• 1tsp vanilla extract

How to:

  1. Mix sugar, yogurt, and vanilla extract in a bowl. Cover it with a lid and refrigerate.
  2. Pour the chilled mix into an ice cream maker and freeze again until it reaches the soft-serve consistency.
  3. Transfer to a plastic container, cover with plastic wrap.

protip_icon Quick tip
Use full-fat greek yogurt to make the recipe creamier. Replace vanilla extract with vanilla bean paste to intensify the ice cream’s flavor.

5. Chocolate ice cream

Image: Shutterstock

Preparation time: 20 minutes

You will need:

  • ½ cup unsweetened cocoa powder
  • ¼ cup brown sugar
  • ½ cup sugar
  • ¾ cup cream milk
  • 1 ½ cup cream
  • 1 ½ tsp vanilla extract
  • a pinch of salt

How to:

  1. Mix cocoa and sugar in a bowl. Gently add milk and continue mixing for five minutes.
  2. Add cream, vanilla extract and salt to the mix and stir well.
  3. Transfer the mixture into ice cream maker and churn for 20 minutes.
  4. Freeze until hard.

Frequently Asked Questions

1. When can babies have ice pops?

Homemade fresh fruit frozen popsicles may be given to babies nine months or older. However, popsicles should not be given too often as the cold may cause a condition known as popsicle panniculitis (usually harmless and resolves within a few weeks). It occurs when the cheeks become reddish due to an inflammation of the subcutaneous tissue of cheek skin caused by cold exposure (6).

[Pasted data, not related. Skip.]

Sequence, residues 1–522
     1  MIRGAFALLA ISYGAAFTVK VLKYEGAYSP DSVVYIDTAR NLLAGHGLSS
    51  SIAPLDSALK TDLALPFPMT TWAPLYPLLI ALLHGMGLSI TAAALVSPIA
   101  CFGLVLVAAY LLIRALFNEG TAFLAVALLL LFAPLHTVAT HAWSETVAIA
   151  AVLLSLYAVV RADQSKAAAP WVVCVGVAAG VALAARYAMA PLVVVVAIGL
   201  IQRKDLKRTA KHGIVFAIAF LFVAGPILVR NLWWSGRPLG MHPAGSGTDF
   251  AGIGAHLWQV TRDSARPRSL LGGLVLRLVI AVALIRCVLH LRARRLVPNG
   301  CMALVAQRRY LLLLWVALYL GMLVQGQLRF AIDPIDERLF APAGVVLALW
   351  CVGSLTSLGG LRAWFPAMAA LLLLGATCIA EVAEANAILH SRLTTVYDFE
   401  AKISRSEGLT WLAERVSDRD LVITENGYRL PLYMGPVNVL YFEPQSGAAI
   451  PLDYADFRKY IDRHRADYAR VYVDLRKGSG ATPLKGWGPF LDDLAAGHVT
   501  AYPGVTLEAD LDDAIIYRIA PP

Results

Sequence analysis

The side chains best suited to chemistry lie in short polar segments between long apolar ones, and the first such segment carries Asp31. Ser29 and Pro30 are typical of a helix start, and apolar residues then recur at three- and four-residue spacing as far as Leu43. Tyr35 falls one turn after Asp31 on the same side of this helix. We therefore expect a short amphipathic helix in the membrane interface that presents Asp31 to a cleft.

2. Can babies eat ice blocks?

Ice cubes should not be given to babies as they may be a choking hazard (7). They may also cause popsicle panniculitis (6).

3. What are the signs of an ice cream intolerance in babies?

Ice cream intolerance may stem from lactose intolerance. If your baby is lactose intolerant and has ingested milk ice cream, you may notice symptoms such as loose stools, flatulence, bloating, nausea, and stomach cramps (9).

On a hot sunny day, you may be tempted to feed ice cream to your baby. But ice cream for babies may not be as harmless as they are for adults. Babies’ immune system is still in the developing stage, and hence they may be sensitive to different ingredients present in the ice creams. Before introducing them to your baby, wait until they are 12 months old and consult your child’s doctor about feeding the right quantity. Furthermore, instead of buying store-bought ice cream, you can try a variety of nutritious homemade ice cream recipes for your baby.